Kangaroos can leap 25 feet effortlessly and hop 40 miles per hour. Bear cubs climb trees without fear, not pausing to think about the height or the strength of the branches. Butterflies miraculously start out as caterpillars and retreat for as long as it takes to reenter the world as a beautiful creature that is able to take flight. Not only that but we all know the butterfly effect stories. Can the flapping of butterfly wings really cause hurricanes? Maybe not, but it is a great metaphor for cause and effect.
Many animals possess superpowers we don’t think about until we encounter them at a preserve, zoo or in the wild. The healing abilities of the axolotls takes my breath away. They can regrow limbs, as well as their spinal cord, jaw, tail, skin and even portions of their brain. Thanks to their pluripotent cells, they have incredible abilities to regenerate. Are we envious yet?
Not that I’d want to spurt blood from my eyes, but it’s a great defense mechanism for the horned lizard. No coyote or dingo is going to mess with them when they give them more than an evil eye. Then there are the electric eels who are very capable of fending off intruders. They are well known for having the ability to deliver an electric shock of up to 600-volts. The current causes an intense stinging pain, but I’m not sure I’d call this kind of violent attack a superpower.
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I’m more inclined to applaud the creatures who can camouflage themselves in the wild, like the leaf insect. I also admire the lyrebird who can imitate almost any sound. From barking dogs to chainsaws to car alarms, they repeat and they even teach each other new sounds. I’d say that was pretty amazing.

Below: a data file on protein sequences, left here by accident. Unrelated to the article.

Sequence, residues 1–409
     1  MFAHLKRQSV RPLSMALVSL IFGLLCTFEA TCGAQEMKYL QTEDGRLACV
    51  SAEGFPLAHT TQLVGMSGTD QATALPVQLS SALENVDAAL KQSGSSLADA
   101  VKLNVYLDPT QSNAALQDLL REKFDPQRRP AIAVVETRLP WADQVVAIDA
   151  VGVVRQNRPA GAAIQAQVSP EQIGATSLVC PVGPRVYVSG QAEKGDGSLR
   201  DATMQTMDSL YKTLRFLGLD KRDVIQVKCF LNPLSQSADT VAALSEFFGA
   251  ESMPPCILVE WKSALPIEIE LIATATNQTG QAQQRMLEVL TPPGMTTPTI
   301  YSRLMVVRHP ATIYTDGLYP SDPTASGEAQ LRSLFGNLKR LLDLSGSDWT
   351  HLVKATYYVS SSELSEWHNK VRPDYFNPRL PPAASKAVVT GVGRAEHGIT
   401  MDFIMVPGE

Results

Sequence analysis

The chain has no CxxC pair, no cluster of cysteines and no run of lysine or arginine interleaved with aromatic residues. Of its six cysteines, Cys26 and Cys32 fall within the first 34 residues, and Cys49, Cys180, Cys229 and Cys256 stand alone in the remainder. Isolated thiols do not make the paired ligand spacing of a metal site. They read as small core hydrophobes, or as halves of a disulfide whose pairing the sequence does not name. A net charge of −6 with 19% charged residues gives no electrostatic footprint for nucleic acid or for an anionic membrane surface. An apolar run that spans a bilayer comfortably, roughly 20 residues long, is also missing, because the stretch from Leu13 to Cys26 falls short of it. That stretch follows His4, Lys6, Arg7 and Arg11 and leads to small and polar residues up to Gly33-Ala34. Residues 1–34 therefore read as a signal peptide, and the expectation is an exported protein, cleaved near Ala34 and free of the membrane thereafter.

We often hear children say they wish they could fly, or become invisible, or run at the speed of light. Actually, I’ve heard adults wish for similar attributes when gathered together in celebratory mode.
If I were to point out that the dung beetle is among the strongest creatures on the planet, I’m sure they would challenge that. But stronger than the elephant, the dung beetle can propel a dung ball up to 75 yards, more than 40 times his weight. He does this while standing on his head, and uses his hind legs to fling it backwards. Their strength isn’t the contributory part of their superpower. This act of catapulting dung is a great help to the ecosystem as dung gets dispersed from one part of the forest to another, carrying seeds in the process.
It’s good to know each animal plays its part. Bats are natural pesticides, bees of course are pollinators, and fish excrement stores carbon, therefore helping climate change. Octopi are avid recyclers and rats help detect landmines. Narwhals — which I never knew were real until my later years — are deep divers and help NASA scientists track temperature changes in Greenland’s arctic.
Dogs and cats have their own versions of superpowers in their relationship to humans who need them for their well-being. From being service animals to loyal friends they have a positive effect on the well-being of the world at large.
If we could pick a superpower, we might consider the actual physical attribute, or the contribution aspect. Metaphorically, the kangaroo has much to offer. One skill we can learn from kangaroos is to never go backward. Only forward, no matter how slowly, always forward.
I think I really want to flap my wings enough to prevent a hurricane on the other side of this globe. But that’s just ego speaking. I once read about llamas being great guard animals. They bond with the herd animals, they instinctively protect against predators, and they even are known to have a taste for invasive species. And who doesn’t think they are adorable?
As for which superpower to choose, I saw a T-shirt at the Habitat for Humanity Restore that boldly stated “I’m a volunteer. What’s your superpower?” Even bees would admire that.
Stellpflug, of Beaver Dam, is an educator and trainer in communications: email@example.com.